Retinoic acid reverses the PTU related decrease in neurogranin level in mice brain.

V. Enderlin, J. Vallortigara, S. Alfos, C. Féart, V. Pallet, P. Higueret
J. Physiol. Biochem.. 2004-09-01; 60(3): 191-198
DOI: 10.1007/bf03167028

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1. J Physiol Biochem. 2004 Sep;60(3):191-8.

Retinoic acid reverses the PTU related decrease in neurogranin level in mice

Enderlin V(1), Vallortigara J, Alfos S, Féart C, Pallet V, Higueret P.

Author information:
(1)Unité de Nutrition et Signalisation Cellulaire (E.A. MENRT; USC INRA) ISTAB,
Université Bordeaux 1, Avenue des Facultés, 33405 Talence cedex, France.

Recent data have shown that fine regulation of retinoid mediated gene expression
is fundamentally important for optimal brain functioning in aged mice.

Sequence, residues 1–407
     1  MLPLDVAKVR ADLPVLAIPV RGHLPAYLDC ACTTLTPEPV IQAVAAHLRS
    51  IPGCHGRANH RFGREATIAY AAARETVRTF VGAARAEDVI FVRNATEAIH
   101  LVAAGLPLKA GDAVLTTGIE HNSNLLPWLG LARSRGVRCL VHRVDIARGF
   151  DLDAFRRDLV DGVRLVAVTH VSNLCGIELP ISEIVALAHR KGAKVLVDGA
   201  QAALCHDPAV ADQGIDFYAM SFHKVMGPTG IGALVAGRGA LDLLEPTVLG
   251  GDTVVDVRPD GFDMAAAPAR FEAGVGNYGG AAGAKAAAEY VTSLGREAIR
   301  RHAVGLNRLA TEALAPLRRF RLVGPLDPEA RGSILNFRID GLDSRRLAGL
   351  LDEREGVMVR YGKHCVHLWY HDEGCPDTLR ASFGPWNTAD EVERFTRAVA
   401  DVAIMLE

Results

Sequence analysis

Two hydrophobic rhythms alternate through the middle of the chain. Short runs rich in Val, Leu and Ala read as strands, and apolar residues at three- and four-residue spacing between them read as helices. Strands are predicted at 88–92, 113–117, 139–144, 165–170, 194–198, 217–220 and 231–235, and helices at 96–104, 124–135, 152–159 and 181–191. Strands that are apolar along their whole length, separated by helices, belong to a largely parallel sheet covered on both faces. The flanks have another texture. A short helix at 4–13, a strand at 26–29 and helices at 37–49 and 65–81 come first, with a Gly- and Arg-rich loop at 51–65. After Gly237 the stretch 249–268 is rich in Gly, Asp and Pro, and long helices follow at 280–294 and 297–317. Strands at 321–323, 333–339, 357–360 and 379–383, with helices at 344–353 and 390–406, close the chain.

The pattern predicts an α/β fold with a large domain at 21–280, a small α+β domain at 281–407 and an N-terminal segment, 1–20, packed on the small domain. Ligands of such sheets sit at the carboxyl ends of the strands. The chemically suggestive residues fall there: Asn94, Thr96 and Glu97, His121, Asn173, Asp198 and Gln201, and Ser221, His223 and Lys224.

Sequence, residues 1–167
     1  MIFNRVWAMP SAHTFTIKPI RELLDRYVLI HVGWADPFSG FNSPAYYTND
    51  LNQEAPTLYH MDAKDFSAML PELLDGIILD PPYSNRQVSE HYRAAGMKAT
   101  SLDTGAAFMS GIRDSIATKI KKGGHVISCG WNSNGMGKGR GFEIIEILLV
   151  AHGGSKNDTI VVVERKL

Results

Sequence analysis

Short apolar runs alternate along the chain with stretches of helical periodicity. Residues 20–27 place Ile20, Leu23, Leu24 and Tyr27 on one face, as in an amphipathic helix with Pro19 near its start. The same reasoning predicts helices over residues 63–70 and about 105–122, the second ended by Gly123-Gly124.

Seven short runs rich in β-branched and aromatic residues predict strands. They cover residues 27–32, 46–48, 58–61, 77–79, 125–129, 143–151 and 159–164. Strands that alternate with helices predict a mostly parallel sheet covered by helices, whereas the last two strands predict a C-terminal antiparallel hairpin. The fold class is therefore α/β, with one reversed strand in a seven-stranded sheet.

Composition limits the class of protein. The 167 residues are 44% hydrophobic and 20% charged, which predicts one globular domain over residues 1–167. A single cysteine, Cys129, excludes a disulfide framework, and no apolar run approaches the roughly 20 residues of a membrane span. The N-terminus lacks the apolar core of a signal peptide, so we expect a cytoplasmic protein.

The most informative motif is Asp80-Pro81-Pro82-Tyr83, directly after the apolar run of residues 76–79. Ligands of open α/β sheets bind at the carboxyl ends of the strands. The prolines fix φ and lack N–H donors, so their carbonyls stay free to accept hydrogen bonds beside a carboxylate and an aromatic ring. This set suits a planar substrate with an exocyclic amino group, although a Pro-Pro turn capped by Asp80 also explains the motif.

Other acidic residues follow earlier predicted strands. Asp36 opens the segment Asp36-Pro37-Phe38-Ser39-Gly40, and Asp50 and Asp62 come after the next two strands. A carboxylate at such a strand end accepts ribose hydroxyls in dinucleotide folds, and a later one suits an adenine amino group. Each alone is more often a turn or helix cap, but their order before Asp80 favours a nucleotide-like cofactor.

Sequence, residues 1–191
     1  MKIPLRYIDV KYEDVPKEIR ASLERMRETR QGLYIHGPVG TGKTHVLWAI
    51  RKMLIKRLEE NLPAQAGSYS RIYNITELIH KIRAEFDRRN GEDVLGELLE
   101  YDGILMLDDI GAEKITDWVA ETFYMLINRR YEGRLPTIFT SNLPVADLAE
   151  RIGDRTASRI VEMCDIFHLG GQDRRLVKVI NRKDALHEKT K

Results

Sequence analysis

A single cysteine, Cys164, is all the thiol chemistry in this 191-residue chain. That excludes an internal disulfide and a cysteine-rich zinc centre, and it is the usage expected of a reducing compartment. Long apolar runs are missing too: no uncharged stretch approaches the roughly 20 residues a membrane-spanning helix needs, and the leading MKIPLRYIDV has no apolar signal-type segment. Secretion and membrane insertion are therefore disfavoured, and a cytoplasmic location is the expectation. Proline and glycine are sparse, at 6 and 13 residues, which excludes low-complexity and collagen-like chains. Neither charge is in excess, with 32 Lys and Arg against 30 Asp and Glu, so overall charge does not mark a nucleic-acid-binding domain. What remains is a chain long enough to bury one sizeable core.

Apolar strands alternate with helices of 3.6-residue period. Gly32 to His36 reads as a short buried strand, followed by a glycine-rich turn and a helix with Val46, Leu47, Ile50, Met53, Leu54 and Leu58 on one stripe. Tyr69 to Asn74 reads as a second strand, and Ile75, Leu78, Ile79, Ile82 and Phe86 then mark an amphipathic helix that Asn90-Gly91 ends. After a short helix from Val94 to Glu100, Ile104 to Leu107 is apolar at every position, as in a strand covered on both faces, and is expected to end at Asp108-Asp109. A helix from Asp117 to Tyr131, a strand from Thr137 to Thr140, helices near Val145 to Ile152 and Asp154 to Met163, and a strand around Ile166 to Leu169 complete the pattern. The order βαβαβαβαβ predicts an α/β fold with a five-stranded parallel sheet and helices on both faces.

Nevertheless, alteration of the thyroid hormone signalling pathway may be a
limiting factor, which impedes retinoic acid (RA) from exerting its modulating
effect. Mild hypothyroidism is often described in the elderly. Thus, in the
present study, it was of interest to determine if RA exerts its neurological
modulating effect in mild hypothyroidism. To obtain further insight into this
question, mice were submitted to a low propylthiouracyl (PTU) drink (0.05%) in
order to slightly reduce the serum level of triiodothyronine (T3). A quantitative
evaluation of RA nuclear receptors (RAR, RXR), T3 nuclear receptor (TR) and of
neurogranin (RC3, a RA target gene which codes for a protein considered as a good
marker of synaptic plasticity) in PTU treated mice injected with vehicle or RA or
T3 was carried out. The PTU-related decrease in expression of RAR, RXR and RC3
was restored following RA or T3 administration, as observed in aged mice. The
amount of TR mRNA, which was not affected in PTU treated mice, was increased only
after T3 treatment as observed in overt hypothyroidism. These results suggest
that neurobiological alterations observed in aged mice are probably related to RA
and T3 signalling pathway modifications associated, in part, with mild changes in
thyroid function.

DOI: 10.1007/BF03167028
PMID: 15700765 [Indexed for MEDLINE]

Auteurs Bordeaux Neurocampus